Environmental policies, if you believe the candidates, will be high on the next President’s agenda. After eight years of Ronald Reagan, when environmental groups found themselves excluded from the corridors of power, both George Bush and Michael S. Dukakis suggest that perhaps this time the welcome mat might be rolled out.
Vice President Bush, for example, talks of acid rain and sewage dumping in the ocean, insisting that he is sensitive to environmental issues to a degree unseen in his boss’ tenure. Gov. Dukakis speaks of a moratorium on coastal oil drilling and declares that in one of his first acts as President he would elevate the Environmental Protection Agency to Cabinet-level status.
These positions belie somewhat the history of the two men, especially Bush, who, as chairman of the Presidential Task Force on Regulatory Relief, helped set the environmental agenda of the Reagan Administration. And Dukakis, as governor of Massachusetts, though sensitive to environmental concerns, also demonstrated a mixed record on such issues as waste disposal, where he backed the construction of big trash-burning plants, a controversial method that has been fiercely attacked by neighborhood and environmental groups.
This particular issue is significant in that it points to potential divisions between two very different expressions of environmental politics that a Bush or a Dukakis Administration will have to face. On the one side are the conventional environmental organizations like the National Wildlife Federation, the Sierra Club, the Environmental Defense Fund and the Audubon Society. All are based in Washington, where their staffs emphasize lobbying, litigation and professional expertise. They helped shape the environmental legislation of the past two decades and reached their peak of influence during the Carter Administration, when a kind of revolving door was established between some key environmental leaders and the environmental bureaucracies.
During the Reagan years these groups were once again in the role of adversary. They grew in numbers and political reach in part because of the bungled counter-offensive against the environmental movement by such Reagan officials as James Watt, Anne Gorsuch McGill Burford and Rita Lavelle. Now, with either Michael Dukakis or even George Bush ready to occupy the White House, many of these environmental figures see a possible reentry to the inner sanctum.
But the conventional groups, while hoping to help reshape the environmental agenda of the next Administration, have increasingly come under attack from the feisty and growing grass-roots community movements that are succeeding in defining another kind of environmental agenda. These local organizations, many of them ad hoc in nature when they began, have developed into a crucial national force, based on networks of various advocacy groups and shared positions and approaches. They are membership-oriented, often led by women, many of whom are housewives and self-taught experts. They deal with issues that directly affect the quality of people’s lives, from clean air and water to transportation, garbage and housing. Perhaps most significant, they tend to cross both class and race lines, and represent both urban and rural communities. Their politics are passionate and not temperate, more likely to involve direct action rather than behind-the-scenes activity favored by the conventional environmental groups.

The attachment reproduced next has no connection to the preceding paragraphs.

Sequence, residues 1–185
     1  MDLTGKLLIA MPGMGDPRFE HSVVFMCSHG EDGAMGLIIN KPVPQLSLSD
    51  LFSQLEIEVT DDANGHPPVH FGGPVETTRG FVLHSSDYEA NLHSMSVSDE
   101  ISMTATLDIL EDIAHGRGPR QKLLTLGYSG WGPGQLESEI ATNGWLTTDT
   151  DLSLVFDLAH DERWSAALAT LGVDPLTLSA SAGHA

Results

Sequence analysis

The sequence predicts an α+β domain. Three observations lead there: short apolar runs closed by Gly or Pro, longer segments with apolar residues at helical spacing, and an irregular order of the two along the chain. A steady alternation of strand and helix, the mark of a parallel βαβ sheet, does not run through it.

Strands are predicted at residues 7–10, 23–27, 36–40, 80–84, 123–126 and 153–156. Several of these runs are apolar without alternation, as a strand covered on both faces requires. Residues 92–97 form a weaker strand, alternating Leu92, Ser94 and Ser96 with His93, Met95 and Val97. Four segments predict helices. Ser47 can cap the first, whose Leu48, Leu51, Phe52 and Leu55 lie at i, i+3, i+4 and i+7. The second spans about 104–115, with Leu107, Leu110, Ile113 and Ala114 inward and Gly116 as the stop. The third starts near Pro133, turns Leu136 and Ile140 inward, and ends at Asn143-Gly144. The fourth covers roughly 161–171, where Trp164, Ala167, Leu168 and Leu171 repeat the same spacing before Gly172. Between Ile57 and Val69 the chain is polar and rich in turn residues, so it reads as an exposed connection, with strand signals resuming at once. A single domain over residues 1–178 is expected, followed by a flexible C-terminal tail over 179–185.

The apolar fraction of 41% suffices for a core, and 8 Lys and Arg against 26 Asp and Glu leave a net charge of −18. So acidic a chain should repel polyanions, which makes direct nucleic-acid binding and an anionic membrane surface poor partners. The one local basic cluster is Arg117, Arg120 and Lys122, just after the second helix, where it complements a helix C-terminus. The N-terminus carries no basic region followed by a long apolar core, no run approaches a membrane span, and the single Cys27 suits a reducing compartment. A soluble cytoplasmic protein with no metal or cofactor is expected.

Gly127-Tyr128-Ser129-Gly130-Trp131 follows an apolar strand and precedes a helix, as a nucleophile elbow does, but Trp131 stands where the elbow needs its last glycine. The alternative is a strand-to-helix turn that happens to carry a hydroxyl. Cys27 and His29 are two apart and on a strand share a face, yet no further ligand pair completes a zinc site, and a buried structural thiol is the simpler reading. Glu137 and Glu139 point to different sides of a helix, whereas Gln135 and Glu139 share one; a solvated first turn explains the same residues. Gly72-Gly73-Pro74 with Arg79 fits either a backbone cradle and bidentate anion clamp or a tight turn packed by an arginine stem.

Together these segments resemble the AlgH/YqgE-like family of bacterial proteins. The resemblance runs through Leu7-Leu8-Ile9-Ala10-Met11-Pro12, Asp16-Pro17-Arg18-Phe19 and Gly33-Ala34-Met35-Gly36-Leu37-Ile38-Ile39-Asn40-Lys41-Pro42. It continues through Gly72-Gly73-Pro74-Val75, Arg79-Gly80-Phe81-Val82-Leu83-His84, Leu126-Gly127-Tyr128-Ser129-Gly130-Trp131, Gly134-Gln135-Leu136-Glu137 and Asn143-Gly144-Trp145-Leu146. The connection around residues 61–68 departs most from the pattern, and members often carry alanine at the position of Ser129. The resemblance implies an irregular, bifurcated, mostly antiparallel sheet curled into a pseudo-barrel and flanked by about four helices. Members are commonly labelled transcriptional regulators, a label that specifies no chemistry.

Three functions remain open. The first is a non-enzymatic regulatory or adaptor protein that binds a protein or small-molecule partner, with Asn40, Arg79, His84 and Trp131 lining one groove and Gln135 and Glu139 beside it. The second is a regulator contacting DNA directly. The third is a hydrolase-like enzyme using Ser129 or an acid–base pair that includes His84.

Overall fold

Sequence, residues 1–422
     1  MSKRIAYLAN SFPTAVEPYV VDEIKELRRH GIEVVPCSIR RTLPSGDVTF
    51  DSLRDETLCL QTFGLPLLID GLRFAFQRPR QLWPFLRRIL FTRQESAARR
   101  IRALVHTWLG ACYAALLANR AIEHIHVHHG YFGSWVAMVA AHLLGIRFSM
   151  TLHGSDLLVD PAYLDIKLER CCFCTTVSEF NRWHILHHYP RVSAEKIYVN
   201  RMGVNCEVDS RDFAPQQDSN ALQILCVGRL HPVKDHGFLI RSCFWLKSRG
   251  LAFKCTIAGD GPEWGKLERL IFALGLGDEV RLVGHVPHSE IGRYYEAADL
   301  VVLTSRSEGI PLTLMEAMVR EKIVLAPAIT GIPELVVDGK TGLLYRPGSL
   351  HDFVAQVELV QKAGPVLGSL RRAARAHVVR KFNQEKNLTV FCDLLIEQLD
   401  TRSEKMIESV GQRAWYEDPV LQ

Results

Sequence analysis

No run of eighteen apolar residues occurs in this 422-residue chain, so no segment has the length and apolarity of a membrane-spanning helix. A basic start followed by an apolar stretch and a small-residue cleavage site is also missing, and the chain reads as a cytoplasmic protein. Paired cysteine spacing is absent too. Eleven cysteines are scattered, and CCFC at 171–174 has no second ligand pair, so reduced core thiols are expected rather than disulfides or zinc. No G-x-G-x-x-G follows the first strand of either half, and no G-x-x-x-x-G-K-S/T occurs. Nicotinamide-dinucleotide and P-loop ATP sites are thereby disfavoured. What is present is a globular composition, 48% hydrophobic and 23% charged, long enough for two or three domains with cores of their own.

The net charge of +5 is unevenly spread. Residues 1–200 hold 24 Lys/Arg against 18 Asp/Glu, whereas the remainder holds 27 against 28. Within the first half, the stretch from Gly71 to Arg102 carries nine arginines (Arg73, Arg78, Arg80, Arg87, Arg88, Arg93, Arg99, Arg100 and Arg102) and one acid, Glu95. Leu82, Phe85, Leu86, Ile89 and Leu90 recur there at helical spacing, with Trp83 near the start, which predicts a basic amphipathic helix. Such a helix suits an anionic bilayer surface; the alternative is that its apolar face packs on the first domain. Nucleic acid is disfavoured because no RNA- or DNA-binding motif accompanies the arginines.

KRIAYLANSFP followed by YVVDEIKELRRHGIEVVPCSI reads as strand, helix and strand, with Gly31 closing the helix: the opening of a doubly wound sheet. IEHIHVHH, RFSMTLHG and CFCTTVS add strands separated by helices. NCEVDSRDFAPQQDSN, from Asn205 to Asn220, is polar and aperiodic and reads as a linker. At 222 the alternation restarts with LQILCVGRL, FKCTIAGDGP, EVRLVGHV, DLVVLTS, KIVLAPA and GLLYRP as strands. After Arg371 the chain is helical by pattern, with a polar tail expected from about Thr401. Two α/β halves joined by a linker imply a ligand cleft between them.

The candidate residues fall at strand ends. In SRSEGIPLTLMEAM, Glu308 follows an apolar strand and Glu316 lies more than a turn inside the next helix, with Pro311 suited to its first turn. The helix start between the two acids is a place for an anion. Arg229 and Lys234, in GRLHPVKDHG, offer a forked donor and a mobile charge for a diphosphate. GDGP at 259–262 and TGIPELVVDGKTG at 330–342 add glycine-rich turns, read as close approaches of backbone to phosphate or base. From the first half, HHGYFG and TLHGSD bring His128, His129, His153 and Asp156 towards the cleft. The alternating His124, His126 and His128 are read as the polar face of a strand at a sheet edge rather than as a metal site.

The solid-waste issue is a key example of the potential fissure between these two kinds of movements. The conventional groups search for the politics of what’s possible and continually set their goals in terms of what can be accomplished with Congress, the courts and the environmental bureaucracies. With the solid-waste issue, that means promoting recycling, as well as a willingness to accept a scaled-down incineration effort, despite significant environmental hazards from air emissions and residue.
The grass-roots groups, which have been in the forefront of confrontation on proposed incinerator and landfill projects, assert that the approach to the garbage issue has to be completely restructured. They insist that a recycling rate of 50%, such as that in Japan, is not only possible but imperative, and that other strategies, such as reducing hazards and wastes at their source, has to be the top priority of any agenda.
When a new Administration takes office in January, the environmental issue, then, will not simply be a question of whether to reaccommodate to the conventional environmental bureaucracies. Rather, it will be a question also of politics and priorities, involving choices that touch the very heart of our heavily urban and industrial society. And even if some groups or leaders buy into the next Administration’s agenda, there will be others, equally laying claim to the environmental politics of the 1990s, whose positions might well shape the public discourse around the issue.